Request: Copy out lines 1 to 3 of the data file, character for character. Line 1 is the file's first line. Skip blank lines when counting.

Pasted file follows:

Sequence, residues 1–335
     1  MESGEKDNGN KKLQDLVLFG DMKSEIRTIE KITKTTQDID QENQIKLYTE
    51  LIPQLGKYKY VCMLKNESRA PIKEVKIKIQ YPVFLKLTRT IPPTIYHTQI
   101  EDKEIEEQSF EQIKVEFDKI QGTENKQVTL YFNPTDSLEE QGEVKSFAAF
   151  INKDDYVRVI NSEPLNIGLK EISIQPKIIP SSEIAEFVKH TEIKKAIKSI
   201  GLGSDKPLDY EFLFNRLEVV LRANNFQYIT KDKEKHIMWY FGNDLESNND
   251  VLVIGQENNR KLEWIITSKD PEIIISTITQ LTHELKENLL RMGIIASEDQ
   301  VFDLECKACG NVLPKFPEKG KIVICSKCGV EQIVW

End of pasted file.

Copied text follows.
Sequence, residues 1–335
     1  MESGEKDNGN KKLQDLVLFG DMKSEIRTIE KITKTTQDID QENQIKLYTE
    51  LIPQLGKYKY VCMLKNESRA PIKEVKIKIQ YPVFLKLTRT IPPTIYHTQI